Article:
This Is… United Ghosts


Every once in a while an opportunity will present itself that you just can’t pass up, no matter what peculiar circumstances you find yourself in. When I was offered the chance to fire some questions over to United Ghosts I gladly grasped at the challenge with both hands. Having already been heralded by Lauren Laverne and Steve Lamacq (possibly my favourite DJ/Presenter of all time), the two-piece outfit from LA are creating some wonderful music that should be heard by everyone. I sent a few questions over to the pair and, as Sha Sabi was busy travelling, got a fine set of responses from Axel Ray Steuerwald;

For anyone who has been living under a rock, who are you, where are you from and what do you do?

We are United Ghosts, Sha Sabi and Axel Ray Steuerwald. As a band we’re based in LA, though neither of us is from there. Sha is from the Bay Area, near SF. I grew up in Germany, then spent a large part of my life in London before finally moving to LA.

How would you best describe your sound?

Boy-girl vocals and psychedelic guitars colliding with futurist electronics.

What is your earliest musical memory?

My granddad playing an old upright piano, quite badly. As I got older I could hear the wrong notes more and more and asked my (very musical) mum what was going on. And she said, yeah, her dad was really quite rubbish on the piano, but none had ever told him or was going to. We all just sort of sang along and I’d run about and hit anything that made a sound. So they tried trumpet and piano lessons on me, which did not work out well…at all. Then my mum got a guitar when I was 10…that was it.

Who soundtracked your teenage years?

Again the German small town got in the way there. Nothing contemporary because it wasn’t in the shops. I mean the place is SMALL!! The only shops to go to sold fridges, lightbulbs or cigs and newspapers and had about 25 albums somewhere on a it was Beatles, Stones, Bowie, even had an Elvis record which is not a bad thing really. There was one smart DJ on the radio, though, very late at night, and I did the classic “kid with transistor radio hiding under the covers” thing… that’s where I first heard Kraftwerk and it blew my mind.

What’s your most prized musical possession?

There’s a lot of guitars and pedals I could mention, definitely the 1979 Strat I’ve had forever. And I love all our new old-school synth gear… but honestly for inspiration I really dig my vintage vinyl set-up and my (not-so-vintage, mostly new) record collection.

What do you think the biggest differences are between being a musician in the UK and the USA?

There are lot less bloody stairs in LA! Seriously, I think it’s much harder over here, but in a good way. In LA you’re throwing the gear in the car then leisurely driving to some venue in the sunshine, radio on…which makes for a pretty big and thriving LA scene and a lot of fun, but also for a bit of laziness on part of the bands. The quality control suffers. And, although there’s really good stuff, they can quite easily miss a good thing when it’s right in front of their noses. I’m sure everyone is aware of all the US bands that had to break here first before anyone in America noticed.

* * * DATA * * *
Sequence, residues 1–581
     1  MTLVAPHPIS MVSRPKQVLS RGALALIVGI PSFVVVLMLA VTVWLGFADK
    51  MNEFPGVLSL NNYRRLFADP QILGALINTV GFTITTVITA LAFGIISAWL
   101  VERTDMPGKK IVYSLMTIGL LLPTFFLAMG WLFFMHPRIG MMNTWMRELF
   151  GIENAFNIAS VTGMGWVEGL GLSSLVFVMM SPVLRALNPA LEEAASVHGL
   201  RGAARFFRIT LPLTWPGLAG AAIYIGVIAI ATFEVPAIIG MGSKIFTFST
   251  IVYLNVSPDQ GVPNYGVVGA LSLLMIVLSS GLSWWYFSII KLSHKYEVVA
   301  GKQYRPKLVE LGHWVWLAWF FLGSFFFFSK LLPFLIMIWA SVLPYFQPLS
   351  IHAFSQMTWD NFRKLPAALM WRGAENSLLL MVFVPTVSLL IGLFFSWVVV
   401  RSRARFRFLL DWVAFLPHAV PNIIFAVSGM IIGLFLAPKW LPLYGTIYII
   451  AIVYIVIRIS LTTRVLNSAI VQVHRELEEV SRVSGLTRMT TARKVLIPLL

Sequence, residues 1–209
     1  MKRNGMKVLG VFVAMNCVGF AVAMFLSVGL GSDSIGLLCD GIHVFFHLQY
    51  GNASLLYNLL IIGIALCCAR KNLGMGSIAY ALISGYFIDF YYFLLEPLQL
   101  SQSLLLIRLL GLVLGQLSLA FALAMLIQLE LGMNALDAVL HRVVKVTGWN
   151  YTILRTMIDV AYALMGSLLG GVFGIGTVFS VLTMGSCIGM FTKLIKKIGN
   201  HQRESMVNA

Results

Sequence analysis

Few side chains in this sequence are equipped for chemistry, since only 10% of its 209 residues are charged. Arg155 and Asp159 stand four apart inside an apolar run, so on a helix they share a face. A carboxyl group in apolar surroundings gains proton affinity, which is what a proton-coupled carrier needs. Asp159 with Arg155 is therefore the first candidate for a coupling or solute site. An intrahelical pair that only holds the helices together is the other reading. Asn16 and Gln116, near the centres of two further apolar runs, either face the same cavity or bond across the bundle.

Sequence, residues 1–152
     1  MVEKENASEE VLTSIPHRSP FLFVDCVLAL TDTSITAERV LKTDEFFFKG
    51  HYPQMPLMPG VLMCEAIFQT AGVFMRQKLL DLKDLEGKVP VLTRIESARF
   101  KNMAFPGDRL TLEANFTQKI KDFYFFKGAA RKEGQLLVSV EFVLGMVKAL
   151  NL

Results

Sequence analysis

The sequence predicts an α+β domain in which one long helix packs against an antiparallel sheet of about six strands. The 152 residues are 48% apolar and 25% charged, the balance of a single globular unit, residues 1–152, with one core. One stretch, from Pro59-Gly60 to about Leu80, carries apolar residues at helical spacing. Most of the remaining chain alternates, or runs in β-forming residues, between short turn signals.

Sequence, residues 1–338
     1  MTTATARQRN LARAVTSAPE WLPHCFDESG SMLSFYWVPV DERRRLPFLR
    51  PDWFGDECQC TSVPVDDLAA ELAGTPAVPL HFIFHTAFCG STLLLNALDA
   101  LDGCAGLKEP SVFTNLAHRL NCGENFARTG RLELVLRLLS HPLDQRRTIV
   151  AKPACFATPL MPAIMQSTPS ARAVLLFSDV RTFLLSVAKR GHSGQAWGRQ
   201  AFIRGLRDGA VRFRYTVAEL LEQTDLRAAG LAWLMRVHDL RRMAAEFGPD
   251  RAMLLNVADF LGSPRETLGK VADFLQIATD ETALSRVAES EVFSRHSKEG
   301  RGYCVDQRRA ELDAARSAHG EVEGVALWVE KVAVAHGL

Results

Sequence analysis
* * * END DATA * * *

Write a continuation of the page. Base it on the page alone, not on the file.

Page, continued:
Then over here all the new bands have to hop on trains, wheel their gear through the rain, take cabs etc.. I know because I did it when I lived here. Our drummer Glenn who did the UK shows with us, made a great point about it being a kind of filter. If you don’t mean it, you won’t last very long, especially in London or Manchester etc…which is kind of a good thing.

Which bands would make up your ideal gig/festival? Where would you fit in?

These questions are really good but quite hard. I’d love to be on a bill with Warpaint, TOY, The Stone Roses, Jag-war Ma, Mazzy Star and the Ravonettes, maybe Primal Scream with us as high up the bill as possible, but probably not too close to Mazzy Star because they will, very quietly, blow you away.

Tell us about the ‘Dear Electric Sun EP’ – what inspired you to make the EP and what is the message it holds?

We take a lot of care of our lyrics, not sure if we’re really a “message” kind of band, but it’s definitely about moving with the times and making something modern and good. Musically I hope we focused very far ahead with this and put our minds to the future. It’s sort of a primer for our next album (spring 2015) which will go even farther out.

What has been the highlight of your musical career so far?

Some of the shows on our last couple of tours were really amazing. London, New York, Berlin and Prague stick out in my mind. And absolutely I love that people like Steve Lamacq, Lauren Laverne, John Kennedy, Simon Raymonde and a lot of other DJs here pick up on our little self-released records. It’s really inspiring, and it keeps on happening, so you want to keep going and keep coming back here.

When did you decide to start taking the whole music thing seriously? Have you got any regrets?

No regrets, that’s just wasting time. I think it was early. One of my old mates came to a gig recently and he said I had this moment at as a teenager, where I got really serious and just went (quote) “Aaaargh, I’m going to do this”. I guess that was the moment. “Aaaargh”

What can we expect to hear from you in the coming months?

A new album in early 2015 and a spring tour to go with it.


What is it that makes United Ghosts unlike anybody else?

Probably the chemistry between Sha and I.

Who is your least favourite cartoon character?

That’s tough because I like a lot of cartoons, especially Pokemon. I have kind of a Pokemon problem, actually. Maybe Barney the Dinosaur, he’s sort of an idiot. And not sure if it counts as a cartoon character but I absolutely loathe Jar Jar Binks!!

United Ghosts ‘Dear Electric Sun’ EP is out now, keep up to date with the band through Facebook, Twitter, Instagram and Soundcloud.

Ciaran Steward

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